You and me both. I mean, you know, when he did that, you know, I was pushing the ball in transition and, you know, it was one guy back and I knew I had enough momentum to go by the player and I was running by the player. And soon as I did, I just looked back to kind of a glance to see if anybody was trailing. And I just saw him step. I saw him step. He put that one foot down and I'm like, I knew I couldn't see anything but his shoe, but I knew it was him. Because, you know, when you're playing him, you know, there's nothing's going to be given. You know, you're going to earn everything. That's why I was so much fun competing against him because as a competitor, that's how you want it. And you're going to get resistance on every single possession when you compete against George.

And so I saw that foot plant and I'm like, okay, here he comes. And so I said, I have something for him. I said, you know what? I'm going to throw this ball high up on the backboard. I'm not going to lay it low. I'm going to lay it high. So I laid this ball about as high as I could by really throwing it over top of the backboard.

And I was going to try to let it come in softly. And he went and got that ball. But he went to go get that basketball. He had to jump so hard and high that he actually hit his head up against the backboard. And, you know, when he came down, I mean, I thought it was an incredible block. I didn't think he was going to go get it. But then when he came down, I was worried about him because I'm like, you know, that type of, you know, that type of collision. You don't want to see that happen to any player. And he hit his head like that. I'm like, you know, is he okay? And of course he was.

But yeah, I'd never seen anybody, you know, at any level, you know, make a play like that, you know? And so it was, it was an incredible block, you know, to show you how good my teammates were, you know, went to the locker room after the game and, and, you know, I'm like, okay, you know, guys are like, you know, I just want to say, you know, that, that, that wasn't a goal tender because he gave the rest a goal called a goal tender. And my teammates were like, nah, Johnny, he really, he got that one clean. So I just started laughing.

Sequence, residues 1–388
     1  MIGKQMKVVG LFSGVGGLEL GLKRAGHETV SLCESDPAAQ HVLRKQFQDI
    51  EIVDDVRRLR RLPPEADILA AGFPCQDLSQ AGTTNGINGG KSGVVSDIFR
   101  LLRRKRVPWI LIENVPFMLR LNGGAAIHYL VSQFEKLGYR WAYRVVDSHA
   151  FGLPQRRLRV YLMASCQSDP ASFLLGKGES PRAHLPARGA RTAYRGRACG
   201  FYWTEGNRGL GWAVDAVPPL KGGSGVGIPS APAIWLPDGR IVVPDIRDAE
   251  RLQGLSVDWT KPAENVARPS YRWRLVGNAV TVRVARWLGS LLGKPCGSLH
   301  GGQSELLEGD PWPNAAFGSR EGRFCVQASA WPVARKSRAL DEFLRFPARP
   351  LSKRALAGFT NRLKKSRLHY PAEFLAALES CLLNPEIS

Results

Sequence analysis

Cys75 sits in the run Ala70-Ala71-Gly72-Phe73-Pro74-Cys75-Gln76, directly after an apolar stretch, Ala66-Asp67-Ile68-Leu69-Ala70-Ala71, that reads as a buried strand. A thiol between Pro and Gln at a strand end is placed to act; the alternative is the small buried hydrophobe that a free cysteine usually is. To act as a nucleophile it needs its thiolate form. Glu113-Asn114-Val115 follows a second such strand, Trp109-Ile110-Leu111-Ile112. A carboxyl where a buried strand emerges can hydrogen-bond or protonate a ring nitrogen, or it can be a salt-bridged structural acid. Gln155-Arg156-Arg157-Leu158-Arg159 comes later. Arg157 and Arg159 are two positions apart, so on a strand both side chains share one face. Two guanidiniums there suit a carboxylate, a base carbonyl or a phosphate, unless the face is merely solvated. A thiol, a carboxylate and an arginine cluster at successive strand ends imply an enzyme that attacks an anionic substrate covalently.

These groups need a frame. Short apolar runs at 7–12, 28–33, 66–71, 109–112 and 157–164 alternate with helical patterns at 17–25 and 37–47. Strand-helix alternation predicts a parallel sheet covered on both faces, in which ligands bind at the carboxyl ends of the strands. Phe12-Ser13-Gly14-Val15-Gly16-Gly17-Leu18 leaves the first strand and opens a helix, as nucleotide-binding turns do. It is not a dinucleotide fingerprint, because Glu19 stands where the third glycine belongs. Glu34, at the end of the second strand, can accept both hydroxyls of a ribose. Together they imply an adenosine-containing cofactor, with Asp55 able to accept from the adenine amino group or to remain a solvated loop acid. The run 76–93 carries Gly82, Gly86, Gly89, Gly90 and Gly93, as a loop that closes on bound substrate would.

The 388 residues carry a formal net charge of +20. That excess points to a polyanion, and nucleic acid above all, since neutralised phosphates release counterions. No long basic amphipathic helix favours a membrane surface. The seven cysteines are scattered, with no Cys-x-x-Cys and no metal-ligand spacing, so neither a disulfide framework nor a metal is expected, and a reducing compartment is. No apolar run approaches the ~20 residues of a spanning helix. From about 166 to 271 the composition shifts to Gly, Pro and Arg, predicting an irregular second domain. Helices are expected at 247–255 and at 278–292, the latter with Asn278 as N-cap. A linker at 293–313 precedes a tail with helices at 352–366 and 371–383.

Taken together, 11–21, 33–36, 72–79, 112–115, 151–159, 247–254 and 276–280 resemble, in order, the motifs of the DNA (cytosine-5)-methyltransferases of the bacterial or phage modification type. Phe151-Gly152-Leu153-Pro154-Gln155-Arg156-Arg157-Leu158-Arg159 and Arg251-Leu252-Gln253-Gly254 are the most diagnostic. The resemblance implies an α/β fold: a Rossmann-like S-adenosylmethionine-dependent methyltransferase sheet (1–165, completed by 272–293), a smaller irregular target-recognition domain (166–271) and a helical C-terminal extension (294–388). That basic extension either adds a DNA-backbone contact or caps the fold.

I said, well, they counted it anyway. So, uh, but that was, that was an incredible play by him and it showed his desire, not just offensively, but what he, you know, what he was going to do defensively to you as well. It's UCF head coach Johnny Dawkins with us here on Sports Hub Triad. We were talking to Mike Wilbon earlier in the week and his, one of his memories of Jordan talking about the pride he had playing for the Tar Heels and Dean Smith, he remembered always Jordan always given it to Georgetown guys when he was in the league talking trash with Pat Ewing, who of course he beat in the 82 championship game, but that even translated to guys like Allen Iverson, that translating to a guy like Alonzo Mourning. So I have to believe this also applied to Duke guys as well. Do you remember, uh, in your days in the league, any trash talk Duke North Carolina related between you and Mike?

You know what, not too much, you know, like I said, we had gone back, you know, as far pretty much as you could go back from, you know, like I said, run across him in high school where he was getting ready to enter North Carolina, uh, the first time we ran across each other. And so always, you know, always a very competitive guy, always a really good guy and, you know, in that regard, but he definitely capable of talking trash, you know, and pick up balls and so forth. You're going to hear him, you know, he's going to impose his will on the game.

That's just how he is. And, uh, but that's, like I said, that's, that's what you loved about him. You loved his spirit, you know, and he loved it, you know, you could tell, you know, he played the game for one thing, he played the game because he loved it. You know, he played with passion and desire. Those two words I've thrown out again, because that's who he was in a nutshell.

And it didn't matter. Like you said, if you was in front of a stadium with 20,000 people or you were in a pickup game and no one else was in the gym, it wasn't going to change the way he was going to go out there and compete. And I said, I think for all the guys that had an opportunity and was fortunate enough to play with and against them, you know, those are the things you can always take with you that, uh, that, that how he approached the game. And so, yeah, definitely with Duke Carolina and that rivalry, that's always going to be there. But, you know, he was always, always, you know, good with me as far as just how he competed. And he's going to talk for sure. But, you know, so am I and so is everyone else. I mean, no one's going to be quiet in those situations and you just compete.

But, uh, you loved it because you knew, you know, he was going to bring out the best in everybody every time he stepped on the floor. See, you're around young people all the time. Young basketball players as the head coach of UCF. So, I've noticed a lot of younger people suggest that Kobe Bryant or LeBron James might be the greatest player to ever play. What do you say to the people who might suggest MJ isn't the greatest?